I have worked in data architecture and management for three decades, I have become a recognised expert in my field, and as a result I have become almost oblivious to the fads, fancies and fashions that pass through IT. However, being an expert in a field also means that from time to time we are oblivious to the difficulties that some people may have when trying to understand issues and concepts that we simply take for granted – because, one simply knows. This is the case with data.
With the polemic and resourcefulness surrounding buzz-words such as Big Data, Cloud and the Internet of Things, one may be forgiven for assuming that there has been a massive inflection point in the generation, variety, understanding and use of data. Now, this isn’t strictly accurate, as, outside of the handful of speculative and high-visibility projects of social media and networking, data collators and indexers, search engines and online volume ad-sellers, there has been scant publicised evidence of significant ‘data revolutions’ elsewhere.
Things haven’t changed significantly simply because a handful of companies are making money with other people’s data, rather than in the more traditional organisation, where their own data is one of the most important assets. So what’s really out there in the world of data? First, let’s look at some broad-brush classes of data, namely:
- Enterprise Operational Data
- Enterprise Process Data
- Enterprise Information Data
Enterprise Operational Data – This is data that is used in applications that support the day to day running of an organisation’s operations. Typical data items in this space are sales transactions, purchase transactions, product information, client and contact information. Enterprise Operational Data may also include complexly structured data, such as contracts and other business documents. Applications in this space may include production control, logistics and stock control, as well as purchase order, supply chain management, management accounting and human resource modules.
Enterprise Process Data – This is measurement and management data collected to show how the operational systems are performing. In the past the recording of events went down to the level of a completed transaction – with a start and an end and nothing in between, and as transactions were kept as simple as possible, to maximize performance and throughput and minimise the risk of failure, very little process data was captured. Now, especially with the advent of Business Process Management and Web Logs, we collect a whole array of transaction and process performance data that was never previously captured.
Enterprise Information Data – This is primarily data which is collected from internal and external data sources, the most significant source being typically Enterprise Operational Data. Other sources for this aspect of data include Enterprise Process Data and data provided by 3rd party data providers. In this data space we find Enterprise Data Warehousing, Operational Data Stores, Data Marts and Special Project Data Stores. Applications in this space include support for strategic and tactical decision making, formal statistical analysis, speculative ad-hoc analysis, data mining, business intelligence and reporting (also called Management Information reporting), and qualitative as well as quantitative analysis.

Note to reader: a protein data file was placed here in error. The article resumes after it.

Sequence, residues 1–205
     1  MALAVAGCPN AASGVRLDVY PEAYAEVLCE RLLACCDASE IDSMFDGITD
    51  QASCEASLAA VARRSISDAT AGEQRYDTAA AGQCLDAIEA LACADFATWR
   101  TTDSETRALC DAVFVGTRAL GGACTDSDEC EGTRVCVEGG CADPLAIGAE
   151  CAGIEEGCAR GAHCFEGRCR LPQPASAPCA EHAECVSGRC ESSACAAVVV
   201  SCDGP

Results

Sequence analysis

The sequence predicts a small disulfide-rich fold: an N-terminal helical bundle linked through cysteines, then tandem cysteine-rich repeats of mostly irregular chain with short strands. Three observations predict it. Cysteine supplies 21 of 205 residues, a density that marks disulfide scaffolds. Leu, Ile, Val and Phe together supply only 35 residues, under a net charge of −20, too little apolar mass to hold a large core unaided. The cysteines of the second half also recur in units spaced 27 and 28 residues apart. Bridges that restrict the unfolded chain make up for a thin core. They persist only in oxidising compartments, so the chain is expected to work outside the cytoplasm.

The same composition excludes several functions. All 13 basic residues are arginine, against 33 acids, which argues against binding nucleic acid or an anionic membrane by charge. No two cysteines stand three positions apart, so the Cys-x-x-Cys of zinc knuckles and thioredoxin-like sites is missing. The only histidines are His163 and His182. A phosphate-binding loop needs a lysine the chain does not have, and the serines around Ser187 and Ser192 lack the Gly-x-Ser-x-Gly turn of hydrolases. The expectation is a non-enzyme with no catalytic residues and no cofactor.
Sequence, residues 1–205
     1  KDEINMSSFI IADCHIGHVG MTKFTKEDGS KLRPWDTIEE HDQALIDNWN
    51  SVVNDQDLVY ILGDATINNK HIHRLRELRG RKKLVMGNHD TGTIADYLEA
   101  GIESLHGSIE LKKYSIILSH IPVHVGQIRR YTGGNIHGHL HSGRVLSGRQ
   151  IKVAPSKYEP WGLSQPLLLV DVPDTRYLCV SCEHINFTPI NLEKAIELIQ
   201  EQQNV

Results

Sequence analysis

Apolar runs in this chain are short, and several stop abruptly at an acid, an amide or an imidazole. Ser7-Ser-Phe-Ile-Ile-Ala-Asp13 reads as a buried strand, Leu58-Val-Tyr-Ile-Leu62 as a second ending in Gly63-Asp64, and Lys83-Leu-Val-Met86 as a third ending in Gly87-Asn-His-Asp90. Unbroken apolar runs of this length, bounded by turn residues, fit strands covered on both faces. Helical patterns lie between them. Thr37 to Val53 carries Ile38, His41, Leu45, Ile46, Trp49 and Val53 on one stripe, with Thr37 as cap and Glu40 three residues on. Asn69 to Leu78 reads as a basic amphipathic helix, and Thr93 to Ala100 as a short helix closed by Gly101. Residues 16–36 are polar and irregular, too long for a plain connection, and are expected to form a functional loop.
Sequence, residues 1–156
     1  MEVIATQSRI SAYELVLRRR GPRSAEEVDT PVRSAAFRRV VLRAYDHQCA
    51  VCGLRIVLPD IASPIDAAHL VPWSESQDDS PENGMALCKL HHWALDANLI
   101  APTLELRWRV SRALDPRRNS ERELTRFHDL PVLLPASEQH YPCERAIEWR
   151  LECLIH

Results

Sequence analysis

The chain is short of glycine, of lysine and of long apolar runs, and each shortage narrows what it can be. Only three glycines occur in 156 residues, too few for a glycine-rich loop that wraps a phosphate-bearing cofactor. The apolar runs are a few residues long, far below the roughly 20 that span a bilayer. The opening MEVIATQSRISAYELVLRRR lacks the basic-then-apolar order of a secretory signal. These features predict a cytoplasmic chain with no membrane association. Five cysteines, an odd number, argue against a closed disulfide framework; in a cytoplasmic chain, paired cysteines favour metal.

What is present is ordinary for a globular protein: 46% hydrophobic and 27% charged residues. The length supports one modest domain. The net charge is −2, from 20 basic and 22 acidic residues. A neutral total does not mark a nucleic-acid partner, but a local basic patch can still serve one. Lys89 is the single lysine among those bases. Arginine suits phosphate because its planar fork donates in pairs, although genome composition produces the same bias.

As we can see, there are interdependencies, synergies between each of these broad areas of data generation and use. Of course, data in each of these areas can be augmented and enriched by new sources of data, whether that data is richer market data, competitive data or weather data. Now, this is a very simplistic view of data, but for the purposes here it is both coherent and cohesive.
Fig. 1 – Data Made SImple
In the above diagram I have identified an area labelled as ‘Data Transitioning’. This is usually referred to as ETL (Extract, Transform and Load), although in more and more cases, instead of extracting data directly from source systems (Enterprise Operational Data Management) we are capturing data sent via enterprise message queueing, this drip feed approach in most cases allows us to maximise the time available for data loading and analysis.
Another important point to note is that although Enterprise Information Data Management has been associated with Relational Database platforms, such as Oracle, Teradata and DB/2, in this IT domain we are also using a wide range of ‘databases’, from the humble ‘flat file’ to powerful column oriented database engines, such as EXASOL, Teradata and Vertica to provide information and analysis to business stakeholders. As more and more ‘exotic’ data formats and sources are incorporated into our Enterprise Information Data platforms, we will also witness the evolution of tools, technologies and techniques to meet those new requirements.
Last of all, there will be no revolution in data management, because in most cases data architectures are built around sound data engineering principles, constrained and governed by the limitations of mainstream hardware, the operating systems that bring them to life and the competencies of those charged with designing, building or using them.
In subsequent blog pieces I will be sharing my views on the evolution of information management in general, and the incorporation of ‘Ad hoc Speculative-Predictive Analytics’ into well architected mainstream information supply frameworks for primarily strategic and tactical objectives.
File under: Good Strat, Good Strategy, Martyn Richard Jones, Martyn Jones, Cambriano Energy, Iniciativa Consulting, Iniciativa para Data Warehouse, Tiki Taka Pro